We’re halfway through track six on Odwo, the latest record from Ghana’s reigning hitmaker, Ofori Amponsah: a rambling number called “Nothing But Love”. It’s a dramatic piece, something like an R&B opera, in which various conspiring polygamists sing their way through a lover’s spat. Think “Trapped in the Closet”. Amponsah plays a jilted, would-be Romeo, trapped in a lopsided relationship. In the quivering Pidgin English made famous by Nigerian moviemakers, he unsuccessfully begs his promiscuous girlfriend to stay at home with him tonight. If she leaves, he warns her, his heart will be scattered… one imagines tiny thumping fragments of aorta spilt across the lonely living room floor like Sun Chips. Syllable-by-overacted-syllable his histrionic argument builds to a final, defensive question: “Is it a sin to give your heart up to someone to love?” Amponsah muses, rhetorically.
If taking liberty with one’s amorous organs was indeed a sin, then the conflict would be irresolvable for this maudlin moralizer, the self-proclaimed “Michael Jackson of West Africa.” He is as much a subdued and nostalgic voice for old time values, as he is an exuberant and incorrigible valentine: the type of desperate romantic who practices speaking to women in the mirror, and practices singing to them in the fitful ecstasy of the Pentecostal choir. Before him, Ghanaian secular pop rode a wave of Hiplife rappers—politically conscious MCs who forsook their tonal, Ghanaian accents to attempt the monotonous cadences of American gansgta rappers. Hiplife’s macho pose was always an awkward fit coming from a musical tradition defined by effusive poetry and religious moralizing, and before long Amponsah and his beat-making better half JQ began saturating the airwaves with recognizably local rhythms and guitar riffs reminiscent of 1960s Highlife—Highlife being a celebratory Jazz and Calypso-influenced dance music from the idealistic, seemingly innocent days that followed the nation’s independence.
Odwo, Amponsah’s tenth record since 1999, is the duo’s most consistent, economical and exciting project to date. To Western ears, it’s motion music, the soundtrack to an open-air road trip, full of promise and novelty. JQ’s polyrhythms cruise past each other, like vehicles in separate lanes, or parallel trains in an Einsteinian diagram. (British-born Africanist John Collins believes Albert Einstein’s theory of relativity expresses a concept of time shared by West African drummers). Amponsah’s utterly complex arrangements go ‘round, and ‘round, landing with improbable certainty on catchy refrains and soothing instrumental loops like the traditional gil xylophone pattern in the title track. The past-future continuum is palpable: Amponsah’s old time values pour like tears over yesterday’s clawhammer highlife riffs, while synthesizer horns blare, autotune warbles, and the utterly melodic Dancehall rapper Batman breezes through a guest spot.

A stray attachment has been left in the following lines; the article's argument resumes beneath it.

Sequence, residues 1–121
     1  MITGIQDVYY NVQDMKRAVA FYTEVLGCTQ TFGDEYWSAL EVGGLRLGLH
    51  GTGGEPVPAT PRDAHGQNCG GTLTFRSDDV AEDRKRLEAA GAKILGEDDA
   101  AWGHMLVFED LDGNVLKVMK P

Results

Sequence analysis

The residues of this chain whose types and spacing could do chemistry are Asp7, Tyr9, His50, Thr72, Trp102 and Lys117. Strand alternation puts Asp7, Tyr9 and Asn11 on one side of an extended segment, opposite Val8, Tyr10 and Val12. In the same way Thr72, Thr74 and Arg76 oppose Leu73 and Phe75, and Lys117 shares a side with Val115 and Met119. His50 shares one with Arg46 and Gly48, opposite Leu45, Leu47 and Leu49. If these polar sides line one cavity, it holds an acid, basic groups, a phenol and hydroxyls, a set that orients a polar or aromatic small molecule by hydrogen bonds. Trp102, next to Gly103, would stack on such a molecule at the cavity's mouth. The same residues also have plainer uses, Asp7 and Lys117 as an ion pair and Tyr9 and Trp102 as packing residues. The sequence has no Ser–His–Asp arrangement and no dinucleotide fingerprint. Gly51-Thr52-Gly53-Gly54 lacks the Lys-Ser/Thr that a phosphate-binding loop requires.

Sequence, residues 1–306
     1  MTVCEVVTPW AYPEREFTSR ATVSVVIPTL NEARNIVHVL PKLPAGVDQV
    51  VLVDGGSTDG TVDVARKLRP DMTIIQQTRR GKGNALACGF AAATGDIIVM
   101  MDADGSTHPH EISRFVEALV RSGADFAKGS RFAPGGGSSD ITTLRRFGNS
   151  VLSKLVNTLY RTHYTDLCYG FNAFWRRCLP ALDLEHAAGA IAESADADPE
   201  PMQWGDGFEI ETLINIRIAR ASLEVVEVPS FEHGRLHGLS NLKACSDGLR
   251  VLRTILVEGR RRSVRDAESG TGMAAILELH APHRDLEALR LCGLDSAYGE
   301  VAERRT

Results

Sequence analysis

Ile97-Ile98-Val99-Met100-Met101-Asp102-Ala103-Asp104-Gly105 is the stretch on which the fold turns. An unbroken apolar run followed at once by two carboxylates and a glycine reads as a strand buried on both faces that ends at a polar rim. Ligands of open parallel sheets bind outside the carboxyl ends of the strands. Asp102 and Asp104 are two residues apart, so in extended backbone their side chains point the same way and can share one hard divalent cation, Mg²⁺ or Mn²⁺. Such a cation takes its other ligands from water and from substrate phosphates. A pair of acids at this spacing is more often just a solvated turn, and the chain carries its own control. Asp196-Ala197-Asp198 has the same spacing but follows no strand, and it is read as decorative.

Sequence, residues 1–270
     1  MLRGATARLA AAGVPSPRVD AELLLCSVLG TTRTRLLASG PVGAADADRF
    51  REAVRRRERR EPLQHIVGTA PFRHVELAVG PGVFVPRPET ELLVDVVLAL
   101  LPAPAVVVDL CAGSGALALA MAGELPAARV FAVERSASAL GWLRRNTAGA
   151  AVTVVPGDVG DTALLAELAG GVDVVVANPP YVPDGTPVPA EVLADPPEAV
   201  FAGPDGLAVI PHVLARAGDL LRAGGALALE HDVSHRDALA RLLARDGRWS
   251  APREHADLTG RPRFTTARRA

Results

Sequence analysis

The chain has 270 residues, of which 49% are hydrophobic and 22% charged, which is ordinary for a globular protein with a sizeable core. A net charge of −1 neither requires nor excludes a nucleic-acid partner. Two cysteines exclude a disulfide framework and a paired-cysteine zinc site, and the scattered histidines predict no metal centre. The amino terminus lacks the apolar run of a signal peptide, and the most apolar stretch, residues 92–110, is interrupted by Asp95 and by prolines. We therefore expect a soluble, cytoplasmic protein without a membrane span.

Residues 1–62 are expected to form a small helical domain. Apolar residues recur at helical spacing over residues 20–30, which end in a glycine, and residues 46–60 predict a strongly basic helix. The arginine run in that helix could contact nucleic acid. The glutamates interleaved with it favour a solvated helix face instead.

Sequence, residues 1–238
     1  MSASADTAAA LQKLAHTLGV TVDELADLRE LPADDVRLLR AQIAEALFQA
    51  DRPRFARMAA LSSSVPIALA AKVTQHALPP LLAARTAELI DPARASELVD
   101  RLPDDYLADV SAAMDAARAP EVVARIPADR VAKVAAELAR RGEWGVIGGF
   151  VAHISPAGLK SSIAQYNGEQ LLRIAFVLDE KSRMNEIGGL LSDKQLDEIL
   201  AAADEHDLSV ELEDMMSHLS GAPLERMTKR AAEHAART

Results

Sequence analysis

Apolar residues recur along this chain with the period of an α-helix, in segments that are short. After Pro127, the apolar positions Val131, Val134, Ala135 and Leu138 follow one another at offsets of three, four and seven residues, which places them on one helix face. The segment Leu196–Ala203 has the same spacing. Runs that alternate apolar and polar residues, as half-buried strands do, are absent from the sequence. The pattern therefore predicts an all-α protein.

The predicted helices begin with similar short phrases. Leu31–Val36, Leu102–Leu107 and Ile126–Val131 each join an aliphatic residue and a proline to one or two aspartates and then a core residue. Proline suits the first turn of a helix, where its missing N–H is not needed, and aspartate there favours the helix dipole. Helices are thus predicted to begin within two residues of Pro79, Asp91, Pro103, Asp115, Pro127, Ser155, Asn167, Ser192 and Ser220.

Sometimes, Amponsah’s train derails needlessly into a misguided malapropism like “Babicue”. The mirage of trans-Atlantic success bedevils many a West African hitmaker, and occasionally even a fervent nationalist like Amponsah feels the need to explain Ghanaian culture in clumsy platitudes to an imagined English-speaking audience: that would be “Highlife Dancing” his smooth jazz-decorated swing at a “Smile, Jamaica”-type tourist siren song. Yet for every time he stumbles, ready to let another series of women juggle his heart like three sweet mangoes. By the time he donates his falsetto to his remember-the-needy soliloquy “Homeless”, the sense of gravitas has already made itself a definite fixture beneath Amponsah’s swooning vocal acrobatics and theatrical asides. There’s drama to this pastiche, and melodrama too, poetry, and phrasing, open spaces, yet baroque, liberally spent artifice. Amponsah may take a few stylistic cues from R. Kelly, including his music video wardrobe, yet there is so little “trapped,” or repressed, or sublimated about his palette.